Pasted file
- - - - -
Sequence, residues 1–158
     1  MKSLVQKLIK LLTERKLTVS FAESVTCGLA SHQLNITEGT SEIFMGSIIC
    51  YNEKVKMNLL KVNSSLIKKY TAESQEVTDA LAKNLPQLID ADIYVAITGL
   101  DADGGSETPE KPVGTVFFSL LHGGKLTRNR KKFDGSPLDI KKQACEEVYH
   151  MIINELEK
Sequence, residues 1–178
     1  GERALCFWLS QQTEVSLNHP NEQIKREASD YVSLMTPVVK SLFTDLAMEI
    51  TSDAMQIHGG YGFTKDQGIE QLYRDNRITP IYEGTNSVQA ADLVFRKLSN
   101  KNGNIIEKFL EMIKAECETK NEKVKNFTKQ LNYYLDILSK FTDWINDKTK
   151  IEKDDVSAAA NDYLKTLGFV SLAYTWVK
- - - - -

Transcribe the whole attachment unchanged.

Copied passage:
Sequence, residues 1–158
     1  MKSLVQKLIK LLTERKLTVS FAESVTCGLA SHQLNITEGT SEIFMGSIIC
    51  YNEKVKMNLL KVNSSLIKKY TAESQEVTDA LAKNLPQLID ADIYVAITGL
   101  DADGGSETPE KPVGTVFFSL LHGGKLTRNR KKFDGSPLDI KKQACEEVYH
   151  MIINELEK
Sequence, residues 1–178
     1  GERALCFWLS QQTEVSLNHP NEQIKREASD YVSLMTPVVK SLFTDLAMEI
    51  TSDAMQIHGG YGFTKDQGIE QLYRDNRITP IYEGTNSVQA ADLVFRKLSN
   101  KNGNIIEKFL EMIKAECETK NEKVKNFTKQ LNYYLDILSK FTDWINDKTK
   151  IEKDDVSAAA NDYLKTLGFV SLAYTWVK